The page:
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Prompts:

1. Time stopped when the clock broke

2. A little yellow birdie with a little yellow bill

3. The wind howled and silence reigned (?)

***BEGIN WRITING

Under normal circumstances I avoid stores with signs that say “TORE CLOSIN” and “UPER BARGA”. I figure that if the sign’s been up long enough to deteriorate to that point any BARGA’s to be had are surely long gone. But the store at the corner of Chinaberry and 2nd intrigued me because, sign or not, the store had only been open a month, selling angels and pirates and all manner of other costumes. I’d never bothered to shop at The Halloween Store, although it appeared every year around Labor Day and silently slipped away on schedule to make room for the annual The Christmas Store.

This year I’d watched the September crew come in as usual, hanging the big vinyl sign—orange with striking black letters—and tacking up corn husks and scarecrows that had seen better days. By the first of October the shelves inside the big building had been stocked and restocked and the parade of shoppers, while certainly not unending, seemed to enter the pseudo-castle portal empty-handed and exit a few minutes later, arms full and (presumably) wallets empty. The store must be doing okay.

On November 1st the big orange sign was hidden by the “UPER BARGA” one. This year, I told myself, I’ll zip right over there and see if there’s anything that catches my imagination.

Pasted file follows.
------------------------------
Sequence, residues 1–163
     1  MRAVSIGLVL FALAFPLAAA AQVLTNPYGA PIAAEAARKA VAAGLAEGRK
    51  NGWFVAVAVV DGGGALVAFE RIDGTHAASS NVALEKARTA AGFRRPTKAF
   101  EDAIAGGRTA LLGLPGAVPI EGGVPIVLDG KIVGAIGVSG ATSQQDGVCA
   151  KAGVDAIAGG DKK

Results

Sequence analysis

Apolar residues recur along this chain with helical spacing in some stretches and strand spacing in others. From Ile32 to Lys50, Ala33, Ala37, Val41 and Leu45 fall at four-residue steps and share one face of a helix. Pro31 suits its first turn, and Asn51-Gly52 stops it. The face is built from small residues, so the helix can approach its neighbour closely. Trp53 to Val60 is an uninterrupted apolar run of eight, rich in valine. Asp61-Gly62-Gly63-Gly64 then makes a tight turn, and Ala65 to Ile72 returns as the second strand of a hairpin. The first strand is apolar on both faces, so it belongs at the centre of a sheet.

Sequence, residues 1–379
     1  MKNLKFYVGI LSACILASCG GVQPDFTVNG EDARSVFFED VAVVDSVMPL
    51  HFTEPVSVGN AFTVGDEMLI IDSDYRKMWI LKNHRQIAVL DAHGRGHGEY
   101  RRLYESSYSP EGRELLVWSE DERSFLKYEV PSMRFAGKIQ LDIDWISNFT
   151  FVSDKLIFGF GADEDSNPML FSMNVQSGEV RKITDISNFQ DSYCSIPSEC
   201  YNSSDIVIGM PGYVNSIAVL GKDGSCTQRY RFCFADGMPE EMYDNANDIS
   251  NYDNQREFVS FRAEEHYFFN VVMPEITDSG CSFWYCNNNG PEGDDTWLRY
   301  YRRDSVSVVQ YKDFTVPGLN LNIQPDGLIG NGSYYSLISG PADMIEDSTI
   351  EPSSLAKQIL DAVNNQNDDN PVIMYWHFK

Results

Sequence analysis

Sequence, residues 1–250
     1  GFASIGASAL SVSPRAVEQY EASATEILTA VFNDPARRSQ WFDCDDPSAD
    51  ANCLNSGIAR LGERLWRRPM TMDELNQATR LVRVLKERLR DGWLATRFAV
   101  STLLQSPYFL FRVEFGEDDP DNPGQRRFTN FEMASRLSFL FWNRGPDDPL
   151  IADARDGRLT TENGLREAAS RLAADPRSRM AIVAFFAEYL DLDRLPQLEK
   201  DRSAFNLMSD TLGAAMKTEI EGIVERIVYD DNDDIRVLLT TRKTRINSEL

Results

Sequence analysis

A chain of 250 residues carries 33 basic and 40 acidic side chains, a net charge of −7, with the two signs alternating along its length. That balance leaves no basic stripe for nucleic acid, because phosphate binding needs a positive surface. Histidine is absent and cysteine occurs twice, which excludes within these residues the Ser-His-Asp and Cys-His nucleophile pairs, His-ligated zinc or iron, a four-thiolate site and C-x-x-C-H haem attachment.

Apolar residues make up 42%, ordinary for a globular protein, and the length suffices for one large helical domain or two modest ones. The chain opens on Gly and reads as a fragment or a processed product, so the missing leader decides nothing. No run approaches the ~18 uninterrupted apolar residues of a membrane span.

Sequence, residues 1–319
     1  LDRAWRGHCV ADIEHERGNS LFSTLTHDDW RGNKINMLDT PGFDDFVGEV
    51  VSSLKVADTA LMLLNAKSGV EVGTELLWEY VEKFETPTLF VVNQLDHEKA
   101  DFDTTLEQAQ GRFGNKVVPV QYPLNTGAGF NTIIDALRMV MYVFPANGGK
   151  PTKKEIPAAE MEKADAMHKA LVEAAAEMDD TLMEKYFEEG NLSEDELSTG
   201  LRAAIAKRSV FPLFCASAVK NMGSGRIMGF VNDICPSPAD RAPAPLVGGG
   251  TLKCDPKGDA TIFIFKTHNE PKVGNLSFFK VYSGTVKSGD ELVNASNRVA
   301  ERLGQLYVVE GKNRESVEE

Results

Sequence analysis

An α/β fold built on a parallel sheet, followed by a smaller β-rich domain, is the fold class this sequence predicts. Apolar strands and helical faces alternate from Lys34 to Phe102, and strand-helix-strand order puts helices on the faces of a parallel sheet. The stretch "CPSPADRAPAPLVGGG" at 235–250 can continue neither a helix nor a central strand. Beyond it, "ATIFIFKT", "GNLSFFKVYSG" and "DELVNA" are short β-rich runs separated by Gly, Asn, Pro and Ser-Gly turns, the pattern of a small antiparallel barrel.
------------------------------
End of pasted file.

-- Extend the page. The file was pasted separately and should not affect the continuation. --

I didn’t expect much, to tell you the truth. Halloween had been just another day to me for a whole lot of years. I was far too old to go out begging for candy and I’d never had kids of my own, so October 31st became just a day to hide in the den with the lights on DIM and avoid at all costs driving through the storm of tiny candy chasers.

Still, just in case I did decide at some point far in the future to decorate my abode, the big bargain sale is the time to acquire those otherwise useless items.

I waked in the front door, which by now was just a door again, and saw a mess the likes of which I don’t care to encounter again. Styrofoam pumpkins were smashed on the ground, sometimes with the grisly grin still intact. Costumes hung in tatters, football pants attached to angel wings, a dollhouse with Jason or Freddy or whoever is the latest demon smiling through the roof.

There weren’t many customers. I was early, of course, and the salespeople (in costume for some reason)

***PENCILS DOWN

 

 

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